Wood Carvings, Chemainus, British Columbia 2017

June 3, 2017 | Filed Under BC Photography Archive, British Columbia, British Columbia Photographic Archive, Canada, Canadian, Cascadia, Chemainus, Documentary Photography, Don Denton, Fine Art, Historical, History, Landscape, Pacific Northwest, Personal Project, Photography, Road Trip, Street photography, Vancouver Island | Leave a Comment 

 

It was just starting to rain as I came past these wooden carvings along the highway in Chemainus. The large, almost life size Sasquatch (assuming we know what life size is for a Sasquatch) was certainly an attention grabber. Birds, whimsical bears, and more stood along the roadside distracting passing motorists as the carver worked in the tent behind and chatted with those who stopped. The intensifying rain prevented more photography time so a more in depth look had to wait for a dryer day.Wood carvings, Chemainus, British Columbia



Ladysmith Car Care, Ladysmith, British Columbia 2017

March 4, 2017 | Filed Under Architecture, BC Photography Archive, British Columbia, British Columbia Photographic Archive, Canada, Canadian, Cascadia, Documentary Photography, Don Denton, Historical, History, Ladysmith, Pacific Northwest, Photography, Road Trip, Street photography, Travel, Vancouver Island, Vernacular architecture | Leave a Comment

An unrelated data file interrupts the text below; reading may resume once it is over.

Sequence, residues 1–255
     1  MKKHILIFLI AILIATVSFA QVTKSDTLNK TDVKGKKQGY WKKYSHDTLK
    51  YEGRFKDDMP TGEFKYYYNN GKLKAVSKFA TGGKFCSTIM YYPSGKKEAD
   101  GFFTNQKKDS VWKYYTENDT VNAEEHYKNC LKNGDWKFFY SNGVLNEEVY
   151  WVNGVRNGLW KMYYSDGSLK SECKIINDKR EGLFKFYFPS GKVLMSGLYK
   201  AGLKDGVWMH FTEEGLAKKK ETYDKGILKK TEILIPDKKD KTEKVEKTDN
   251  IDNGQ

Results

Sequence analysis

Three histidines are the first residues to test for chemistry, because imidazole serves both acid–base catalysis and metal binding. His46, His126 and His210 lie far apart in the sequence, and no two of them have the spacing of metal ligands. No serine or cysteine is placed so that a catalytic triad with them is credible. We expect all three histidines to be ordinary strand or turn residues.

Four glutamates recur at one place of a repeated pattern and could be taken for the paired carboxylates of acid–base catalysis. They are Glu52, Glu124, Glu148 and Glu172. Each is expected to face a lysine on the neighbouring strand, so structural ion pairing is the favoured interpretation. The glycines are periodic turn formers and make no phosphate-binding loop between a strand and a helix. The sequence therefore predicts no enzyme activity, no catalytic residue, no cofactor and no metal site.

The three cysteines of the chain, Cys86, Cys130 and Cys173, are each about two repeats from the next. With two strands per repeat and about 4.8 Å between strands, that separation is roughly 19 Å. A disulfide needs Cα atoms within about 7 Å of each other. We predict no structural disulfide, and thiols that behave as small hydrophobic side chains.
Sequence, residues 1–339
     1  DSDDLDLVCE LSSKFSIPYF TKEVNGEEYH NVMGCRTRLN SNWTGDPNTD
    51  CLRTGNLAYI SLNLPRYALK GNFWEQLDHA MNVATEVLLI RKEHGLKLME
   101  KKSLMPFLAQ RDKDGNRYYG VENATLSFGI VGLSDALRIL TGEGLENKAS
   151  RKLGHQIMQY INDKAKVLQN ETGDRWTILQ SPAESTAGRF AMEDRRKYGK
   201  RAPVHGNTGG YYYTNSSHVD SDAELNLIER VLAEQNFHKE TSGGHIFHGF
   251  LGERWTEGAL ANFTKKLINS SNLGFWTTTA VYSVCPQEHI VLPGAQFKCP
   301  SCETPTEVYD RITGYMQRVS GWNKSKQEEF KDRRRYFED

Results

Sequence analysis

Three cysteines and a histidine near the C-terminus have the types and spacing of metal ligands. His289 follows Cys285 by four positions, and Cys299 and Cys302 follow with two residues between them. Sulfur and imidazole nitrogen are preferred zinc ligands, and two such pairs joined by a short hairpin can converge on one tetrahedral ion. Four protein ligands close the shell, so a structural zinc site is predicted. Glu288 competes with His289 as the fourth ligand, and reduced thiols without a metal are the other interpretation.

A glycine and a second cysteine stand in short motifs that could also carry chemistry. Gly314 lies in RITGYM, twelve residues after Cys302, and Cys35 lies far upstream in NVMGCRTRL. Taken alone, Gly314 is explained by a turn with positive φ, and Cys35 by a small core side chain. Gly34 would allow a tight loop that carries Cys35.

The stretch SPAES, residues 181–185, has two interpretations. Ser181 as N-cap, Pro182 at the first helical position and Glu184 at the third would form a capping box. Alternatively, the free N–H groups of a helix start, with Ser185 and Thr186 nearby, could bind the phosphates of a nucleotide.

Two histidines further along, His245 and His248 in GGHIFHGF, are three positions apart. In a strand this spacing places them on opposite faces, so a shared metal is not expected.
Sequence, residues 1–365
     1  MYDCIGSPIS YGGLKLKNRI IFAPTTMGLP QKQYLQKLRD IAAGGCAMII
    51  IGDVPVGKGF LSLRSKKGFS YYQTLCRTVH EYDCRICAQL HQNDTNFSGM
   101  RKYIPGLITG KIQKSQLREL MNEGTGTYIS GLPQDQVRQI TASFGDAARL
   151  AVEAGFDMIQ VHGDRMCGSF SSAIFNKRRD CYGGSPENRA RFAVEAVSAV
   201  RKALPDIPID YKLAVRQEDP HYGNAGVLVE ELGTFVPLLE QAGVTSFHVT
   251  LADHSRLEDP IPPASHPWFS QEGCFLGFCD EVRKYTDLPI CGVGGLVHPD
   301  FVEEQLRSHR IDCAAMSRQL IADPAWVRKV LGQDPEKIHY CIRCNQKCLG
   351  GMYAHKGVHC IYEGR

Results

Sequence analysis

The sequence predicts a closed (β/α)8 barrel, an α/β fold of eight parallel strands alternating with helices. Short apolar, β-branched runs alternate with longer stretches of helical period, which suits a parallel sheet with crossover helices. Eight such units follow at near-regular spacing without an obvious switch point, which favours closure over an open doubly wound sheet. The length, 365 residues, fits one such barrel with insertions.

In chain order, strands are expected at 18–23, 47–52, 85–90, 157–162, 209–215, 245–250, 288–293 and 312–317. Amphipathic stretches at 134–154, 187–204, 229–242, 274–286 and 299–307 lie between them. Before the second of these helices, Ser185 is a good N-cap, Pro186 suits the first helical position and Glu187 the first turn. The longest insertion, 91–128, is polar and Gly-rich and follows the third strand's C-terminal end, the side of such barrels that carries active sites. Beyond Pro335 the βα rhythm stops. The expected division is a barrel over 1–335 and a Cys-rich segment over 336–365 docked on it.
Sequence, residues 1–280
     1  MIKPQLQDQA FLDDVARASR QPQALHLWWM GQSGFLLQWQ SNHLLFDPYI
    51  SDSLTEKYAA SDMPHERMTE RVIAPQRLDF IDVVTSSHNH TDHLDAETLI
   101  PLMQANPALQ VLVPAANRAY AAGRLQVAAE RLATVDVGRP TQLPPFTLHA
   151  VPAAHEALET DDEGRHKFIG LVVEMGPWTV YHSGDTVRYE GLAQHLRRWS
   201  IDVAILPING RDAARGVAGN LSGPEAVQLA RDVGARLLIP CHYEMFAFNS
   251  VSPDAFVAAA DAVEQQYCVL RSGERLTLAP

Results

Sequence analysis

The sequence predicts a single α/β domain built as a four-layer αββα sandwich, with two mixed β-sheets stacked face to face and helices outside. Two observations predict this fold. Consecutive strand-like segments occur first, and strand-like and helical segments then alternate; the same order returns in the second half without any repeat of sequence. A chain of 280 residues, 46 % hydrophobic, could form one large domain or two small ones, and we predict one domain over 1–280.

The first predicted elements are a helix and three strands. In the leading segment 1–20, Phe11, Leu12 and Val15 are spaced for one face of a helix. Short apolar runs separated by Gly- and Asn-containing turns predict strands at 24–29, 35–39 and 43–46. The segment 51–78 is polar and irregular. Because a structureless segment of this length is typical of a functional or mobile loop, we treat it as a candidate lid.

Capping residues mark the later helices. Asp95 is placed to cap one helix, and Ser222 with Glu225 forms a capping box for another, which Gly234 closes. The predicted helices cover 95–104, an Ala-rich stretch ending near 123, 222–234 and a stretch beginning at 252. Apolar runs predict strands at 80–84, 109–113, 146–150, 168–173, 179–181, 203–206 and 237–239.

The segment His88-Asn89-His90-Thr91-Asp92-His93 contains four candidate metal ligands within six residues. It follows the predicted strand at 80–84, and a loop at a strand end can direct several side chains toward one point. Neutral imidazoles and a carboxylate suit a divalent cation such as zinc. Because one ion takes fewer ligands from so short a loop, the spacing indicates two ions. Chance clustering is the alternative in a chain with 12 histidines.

Ladysmith Car Care, Ladysmith, British Columbia 2017

The red and white paint job on this former garage and corner store always catches the eye when passing by Ladysmith on the highway. It has been shut down for a while now although there are a few vehicles inside so not sure if someone still uses the premises. It looks a little more decrepit all the time though so I really expect to go by and se the building torn down one day soon.



Firewood lot, Duncan, British Columbia 2017

February 26, 2017 | Filed Under BC Photography Archive, British Columbia, British Columbia Photographic Archive, Canada, Canadian, Cascadia, Documentary Photography, Don Denton, Duncan, Fine Art, Historical, History, Landscape, Pacific Northwest, Personal Project, Photography, Road Trip, Street photography, Vancouver Island | Leave a Comment 

Firewood lot, Duncan, British Columbia 2017

A wet haul up and over the Malahat.  The Malahat Drive, a short section of highway, is dreaded by local drivers despite many recent safety upgrades. I think it’s reputation is a bit much for a 20 kilometre section of highway but it certainly has more than it’s fair share of accidents. The bigger problem I think is that an accident usually shuts down the road, stranding motorists on the highway with no real alternate routes.

This day and drive there were no issues other than the usual rain which is just a winter fact of life here.

I’d seen this firewood lot, or cutting area, from the highway often but thought I’d take a closer look this time. From the highway you couldn’t see the old bulldozer rusting away under a canopy of blackberry brambles.



Car Dealer, Clark Drive, Vancouver, British Columbia 2016